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How to Make a Snowflake

This isn't normally a how-to kind of blog. And if you have been reading this blog to learn how to do anything, then bless your little heart.

But today I have decided to share a special Christmas skill that I have possesed since eighth grade when Mrs. Glanton taught us how to make beautiful paper snowflakes that we used to decorate for the winter dance. (I wore my sweater skirt--so cool!)

Step one:
- Look for scissors. WE OWN 50 BLEEPIN PAIRS OF SCISSORS. WHERE THE BLEEP ARE THEY.
- Get a piece of 8.5 x 11 paper.
- Stop swearing about the scissors and settle in for some Christmas fun!
- Find a hot hand model--oh, that was on my list. You won't need one.

Step two:
- Fold the paper to create a triangle
(Husband graciously volunteered to be my hot hand model, until he got hungry.)


Step three:
- Cut off the extra piece to keep just the triangle

Step four:
- Fold the triangle again to make a smaller triangle


Step five:
- This is the step that sets this method apart and guarantees a beautiful snowflake every time--so don't screw it up.
- Fold the triangle into the center, first one side then the other to overlap. I don't know how to describe it--just look at the photo.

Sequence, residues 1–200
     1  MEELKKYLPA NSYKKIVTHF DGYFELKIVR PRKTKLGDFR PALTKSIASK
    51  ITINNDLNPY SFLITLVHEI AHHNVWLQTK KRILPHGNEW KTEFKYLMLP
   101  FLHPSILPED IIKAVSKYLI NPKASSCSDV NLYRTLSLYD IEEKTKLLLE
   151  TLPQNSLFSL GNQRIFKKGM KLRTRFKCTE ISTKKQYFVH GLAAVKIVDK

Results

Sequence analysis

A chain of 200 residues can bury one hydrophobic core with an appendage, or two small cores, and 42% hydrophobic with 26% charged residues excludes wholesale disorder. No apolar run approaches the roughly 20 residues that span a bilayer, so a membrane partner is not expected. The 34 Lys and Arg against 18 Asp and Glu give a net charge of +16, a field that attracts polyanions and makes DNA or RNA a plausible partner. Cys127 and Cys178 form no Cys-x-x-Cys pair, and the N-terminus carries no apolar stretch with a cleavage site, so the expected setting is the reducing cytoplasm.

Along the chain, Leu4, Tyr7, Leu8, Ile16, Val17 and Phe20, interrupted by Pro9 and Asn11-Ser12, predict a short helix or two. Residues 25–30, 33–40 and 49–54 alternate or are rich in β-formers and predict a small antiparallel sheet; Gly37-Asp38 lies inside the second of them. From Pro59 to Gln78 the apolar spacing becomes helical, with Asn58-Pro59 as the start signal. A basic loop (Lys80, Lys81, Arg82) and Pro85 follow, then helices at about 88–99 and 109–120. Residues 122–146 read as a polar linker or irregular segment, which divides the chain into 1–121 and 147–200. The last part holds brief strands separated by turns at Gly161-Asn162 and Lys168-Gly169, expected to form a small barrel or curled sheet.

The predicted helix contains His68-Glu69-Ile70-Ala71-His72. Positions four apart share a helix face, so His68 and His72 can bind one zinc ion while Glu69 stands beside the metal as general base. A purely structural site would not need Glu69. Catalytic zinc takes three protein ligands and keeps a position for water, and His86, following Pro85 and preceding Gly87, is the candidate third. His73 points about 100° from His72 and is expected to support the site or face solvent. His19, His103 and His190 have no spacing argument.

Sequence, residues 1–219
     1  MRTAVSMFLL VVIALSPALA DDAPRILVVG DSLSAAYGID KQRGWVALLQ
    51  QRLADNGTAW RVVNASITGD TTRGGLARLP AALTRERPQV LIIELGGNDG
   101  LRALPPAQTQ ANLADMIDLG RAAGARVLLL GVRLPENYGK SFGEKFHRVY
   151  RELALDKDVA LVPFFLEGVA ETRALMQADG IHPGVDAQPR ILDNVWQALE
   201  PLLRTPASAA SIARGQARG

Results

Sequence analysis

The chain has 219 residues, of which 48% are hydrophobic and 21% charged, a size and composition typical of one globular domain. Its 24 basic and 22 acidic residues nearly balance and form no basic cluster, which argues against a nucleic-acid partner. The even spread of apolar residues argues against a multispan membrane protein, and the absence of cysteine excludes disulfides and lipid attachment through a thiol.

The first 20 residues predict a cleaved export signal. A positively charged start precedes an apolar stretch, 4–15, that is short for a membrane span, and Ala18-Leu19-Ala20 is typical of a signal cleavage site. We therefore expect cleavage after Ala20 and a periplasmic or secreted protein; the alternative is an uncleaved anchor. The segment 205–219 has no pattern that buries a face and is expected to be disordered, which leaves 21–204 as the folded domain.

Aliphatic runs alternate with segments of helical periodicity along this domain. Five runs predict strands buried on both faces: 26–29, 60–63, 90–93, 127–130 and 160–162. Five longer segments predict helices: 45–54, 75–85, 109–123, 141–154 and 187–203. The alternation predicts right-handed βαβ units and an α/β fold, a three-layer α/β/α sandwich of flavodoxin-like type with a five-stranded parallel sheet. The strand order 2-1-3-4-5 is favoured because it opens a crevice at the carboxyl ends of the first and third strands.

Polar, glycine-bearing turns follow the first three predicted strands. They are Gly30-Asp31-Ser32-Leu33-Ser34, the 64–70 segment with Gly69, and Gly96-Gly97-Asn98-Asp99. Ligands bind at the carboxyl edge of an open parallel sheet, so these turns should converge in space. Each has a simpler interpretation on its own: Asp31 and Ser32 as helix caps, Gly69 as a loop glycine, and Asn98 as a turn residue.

Step six:
- Make sure you've done step five correctly and have something that looks like lame oragami.


Step seven:
- Cut off the weird oragami-looking part. That will be the outside edge of your snowflake, so cut with zig-zag or curves as you want.
- Take slices out out of the sides of the triangle to make shapes in your snowflake.



Step eight:
- Enjoy your beautiful snowflake!






Comments

  1. Hilarious... I just cut a snowflake for my daughter tonight, and I'm proud (?) to say I passed the Glanton-technique on the future generations as well! However, I'm not as good as you, because at least you gave credit. I, on the other hand, couldn't remember WHO taught it to me when my very-impressed husband asked! haha....
    anyway, thanks for the flashback to 8th grade.
    Oh... and as a side note.. one thing I DO give Glanton credit for... her happy birthday song.. sung to each one of my students on their bdays as well (although, in a much less operatic soprano octative considering I'm 100percent alto... or baritone or bass whenever Cassel needed that.) haha. Kari Schoonover McGuire

    ReplyDelete
  2. Your wonderful, thank you!! My grandaughter and I just try it, {love the humor} it got me through it. Dosen't look like yours, but who's judging. Have a wonderful Christmas, 3 years latter.

    ReplyDelete
  3. We actually threatened the kids against using the kitchen scissors. When that didn't work, we hid them in a secret location. Of course that means I can only use them when no one else is looking!

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